When, in the year 1974, Indira Gandhi and Jayaprakash Narayan (JP) became bitter political opponents, there was a peculiar poignancy to their rivalry. For JP and Jawaharlal Nehru had been close friends. So, independently, were JP’s wife Prabhavati and Nehru’s wife Kamala. In fact, before starting an all-India movement against the policies of the PM, JP went to see Mrs Gandhi to gift her the letters that her mother had written to his recently deceased wife.
Fortunately, JP did not return the (many fewer) letters Nehru had written to Prabhavati. One hangs on the wall of the home in the Patna locality of Kadam Kuan where Narayan and his spouse both spent their last years. When I visited that house recently, it was to pay tribute to the memory of JP and his self-effacing Gandhian wife. That I found a letter by Nehru that still speaks to us today was an unexpected bonus.
The letter was written in 1958, by which time Kamala Nehru had been dead for more than 20 years and her husband had been PM for more than ten. It was handwritten, which was a surprise, since Nehru had a battery of stenographers and typists at his command. And it was written in Hindustani, which was also worthy of comment, since by this time Nehru did not really write very much in his mother tongue.
I was not carrying a notebook or pen, so am here summarising the letter’s contents from memory. Apparently, Prabhavati had wished to start a school for girls and name it for Kamala Nehru. She had written to Jawaharlal asking whether he would inaugurate it. Nehru, in reply, said that he was delighted that this school was being planned, for he had long been an advocate of education for girls. But, he added, he had taken a vow that in the case of any school, project, or programme started in memory of his father (Motilal Nehru) or his wife, he would not participate in its inauguration. He asked Prabhavati to go ahead and start the school, with another chief guest if required. He added by way of consolation that when the place was up and running, he would come visit it anyway.
It is reasonable to speculate that Nehru adopted this policy as a way of discouraging flatterers and intriguers. To be sure, Prabhavati’s admiration for Kamala was utterly sincere, and the cause of women’s education utterly noble. But if Nehru had come and opened her school, how would he say no to others who sought to attach the name of his father or wife to schemes whose chief intention was to ingratiate the proposer to the most famous man in India?
Did Indira Gandhi, I wonder, adopt the same policy when it came to her time as PM? I somehow think not. She certainly encouraged the naming of the capital’s best-funded university after her father, and was quite happy to permit other sarkari schemes to adopt his name as well. Rajiv Gandhi, in turn, was an enthusiastic supporter, when he was PM, of programmes funded by the State that took the name of his mother. We know, for example, that he took a keen personal interest in the naming, founding, and inauguration of the Indira Gandhi National Centre for the Arts in New Delhi.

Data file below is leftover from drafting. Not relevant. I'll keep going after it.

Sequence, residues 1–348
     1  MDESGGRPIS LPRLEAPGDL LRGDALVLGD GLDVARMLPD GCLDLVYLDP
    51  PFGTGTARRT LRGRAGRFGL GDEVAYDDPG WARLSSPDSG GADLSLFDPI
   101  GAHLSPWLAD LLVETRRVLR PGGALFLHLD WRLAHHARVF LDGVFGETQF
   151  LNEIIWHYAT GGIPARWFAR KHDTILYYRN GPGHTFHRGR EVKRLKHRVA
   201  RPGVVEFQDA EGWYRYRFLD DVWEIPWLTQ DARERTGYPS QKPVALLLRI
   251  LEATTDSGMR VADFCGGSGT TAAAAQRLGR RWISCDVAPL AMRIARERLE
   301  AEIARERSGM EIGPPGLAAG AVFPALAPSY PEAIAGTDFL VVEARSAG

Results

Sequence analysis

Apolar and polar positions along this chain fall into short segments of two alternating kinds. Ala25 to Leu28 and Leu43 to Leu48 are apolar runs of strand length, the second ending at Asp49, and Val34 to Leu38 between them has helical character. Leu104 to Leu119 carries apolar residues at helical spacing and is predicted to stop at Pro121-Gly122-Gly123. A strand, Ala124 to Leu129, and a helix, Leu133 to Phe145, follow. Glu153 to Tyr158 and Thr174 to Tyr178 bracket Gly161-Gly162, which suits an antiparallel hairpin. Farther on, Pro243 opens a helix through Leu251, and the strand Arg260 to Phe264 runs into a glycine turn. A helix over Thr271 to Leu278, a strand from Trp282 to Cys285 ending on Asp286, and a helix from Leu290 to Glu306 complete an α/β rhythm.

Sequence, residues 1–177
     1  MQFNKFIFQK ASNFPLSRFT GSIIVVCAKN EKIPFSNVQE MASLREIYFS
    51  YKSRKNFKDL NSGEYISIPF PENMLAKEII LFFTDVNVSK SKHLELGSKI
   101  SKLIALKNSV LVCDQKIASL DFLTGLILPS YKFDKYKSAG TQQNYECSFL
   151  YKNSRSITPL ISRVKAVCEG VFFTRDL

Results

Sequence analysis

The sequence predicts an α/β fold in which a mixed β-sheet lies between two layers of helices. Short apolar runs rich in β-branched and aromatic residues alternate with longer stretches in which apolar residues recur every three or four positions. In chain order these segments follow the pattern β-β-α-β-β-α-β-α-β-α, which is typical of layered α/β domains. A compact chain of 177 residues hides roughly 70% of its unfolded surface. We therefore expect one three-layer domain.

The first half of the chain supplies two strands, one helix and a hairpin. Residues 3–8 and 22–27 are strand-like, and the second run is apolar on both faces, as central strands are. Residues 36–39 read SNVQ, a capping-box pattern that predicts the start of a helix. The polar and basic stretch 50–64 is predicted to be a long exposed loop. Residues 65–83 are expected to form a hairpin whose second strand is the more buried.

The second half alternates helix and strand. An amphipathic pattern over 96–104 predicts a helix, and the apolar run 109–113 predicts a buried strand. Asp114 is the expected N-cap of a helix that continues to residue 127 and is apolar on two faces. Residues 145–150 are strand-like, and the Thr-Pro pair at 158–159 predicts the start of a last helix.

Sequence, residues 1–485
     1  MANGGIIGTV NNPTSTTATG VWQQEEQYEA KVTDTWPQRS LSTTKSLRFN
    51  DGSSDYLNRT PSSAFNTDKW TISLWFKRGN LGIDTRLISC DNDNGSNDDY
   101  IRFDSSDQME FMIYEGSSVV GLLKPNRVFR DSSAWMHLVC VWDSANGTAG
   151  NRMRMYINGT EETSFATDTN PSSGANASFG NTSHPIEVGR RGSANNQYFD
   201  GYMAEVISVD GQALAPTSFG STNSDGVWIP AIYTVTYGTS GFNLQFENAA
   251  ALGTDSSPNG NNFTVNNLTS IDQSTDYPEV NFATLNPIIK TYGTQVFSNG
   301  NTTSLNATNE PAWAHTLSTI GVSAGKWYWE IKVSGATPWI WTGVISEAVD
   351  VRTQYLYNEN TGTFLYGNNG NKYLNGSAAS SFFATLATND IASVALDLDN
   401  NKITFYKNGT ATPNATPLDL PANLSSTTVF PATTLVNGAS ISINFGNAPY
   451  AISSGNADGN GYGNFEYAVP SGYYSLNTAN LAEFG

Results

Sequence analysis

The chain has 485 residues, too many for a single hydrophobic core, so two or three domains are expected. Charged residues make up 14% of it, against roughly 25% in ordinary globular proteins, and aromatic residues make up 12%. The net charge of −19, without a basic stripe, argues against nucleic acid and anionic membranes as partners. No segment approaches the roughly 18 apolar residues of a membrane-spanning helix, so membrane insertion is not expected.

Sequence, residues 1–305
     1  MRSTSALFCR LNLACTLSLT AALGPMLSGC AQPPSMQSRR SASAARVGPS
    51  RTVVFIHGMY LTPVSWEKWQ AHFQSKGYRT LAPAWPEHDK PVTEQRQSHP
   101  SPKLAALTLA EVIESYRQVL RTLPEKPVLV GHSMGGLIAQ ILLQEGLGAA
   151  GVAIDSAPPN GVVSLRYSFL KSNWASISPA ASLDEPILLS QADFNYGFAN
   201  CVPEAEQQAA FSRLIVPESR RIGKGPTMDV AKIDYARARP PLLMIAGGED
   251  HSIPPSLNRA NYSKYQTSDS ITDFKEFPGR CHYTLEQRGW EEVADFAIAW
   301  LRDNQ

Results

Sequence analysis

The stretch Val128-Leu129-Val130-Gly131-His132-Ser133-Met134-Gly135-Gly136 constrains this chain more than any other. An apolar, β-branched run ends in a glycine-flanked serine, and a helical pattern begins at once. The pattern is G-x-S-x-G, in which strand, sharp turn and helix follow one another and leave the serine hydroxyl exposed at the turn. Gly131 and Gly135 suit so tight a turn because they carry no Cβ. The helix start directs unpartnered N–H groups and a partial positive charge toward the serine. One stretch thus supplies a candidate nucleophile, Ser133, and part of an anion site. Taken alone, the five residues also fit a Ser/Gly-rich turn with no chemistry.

In this respect, the present president of the Congress has followed the example of Indira and Rajiv rather than Nehru. Thus, she was the chief guest at the inauguration of the Rajiv Gandhi International Airport in Hyderabad in March 2008 — as well as the chief guest at the inauguration of the Rajiv Gandhi Sea Link in Mumbai in June 2009. Would Sonia Gandhi have acted differently had she known Jawaharlal Nehru’s views in this regard? One does not know. What we can say, with some certainty, is that she is unaware of the existence of Nehru’s letter to Prabhavati where his views on the matter were so clearly and firmly stated. For, while the Congress president has visited Patna several times, each time she would have stayed well clear of the home of a man she knew only as her mother-in-law’s most dogged political opponent.
At last count, some 400 government initiatives, institutions, projects and programmes were named after either Nehru, Indira or Rajiv. This is a consequence of a symbiotic relationship between the flatterer and the flattered. For Cabinet ministers, chief ministers and heads of public sector undertakings all know that by attaching one or other of these names to a project, they can ensure both that it is well funded and that they, personally, can rise in the esteem of the most powerful family in India.
Jawaharlal Nehru would surely have been appalled by this use (or misuse) of public money for furthering ancestor worship. His rectitude and propriety stands in striking contrast to the behaviour of later members of his family. But it stands in contrast to the attitude of most other Indians too. For instance, one of India’s best-known scientists actually attended the inauguration of a circle named after himself in Bangalore.
The later Nehru-Gandhis may think that the ubiquitous naming of programmes and places after members of their family is not much more than their due. But that distinguished men of science fall prey to such vanity is a sign of how far we have moved from the time of Jawaharlal Nehru.
Ramachandra Guha is the author of India After Gandhi: The History of the World’s Largest Democracy n
The views expressed by the author are personal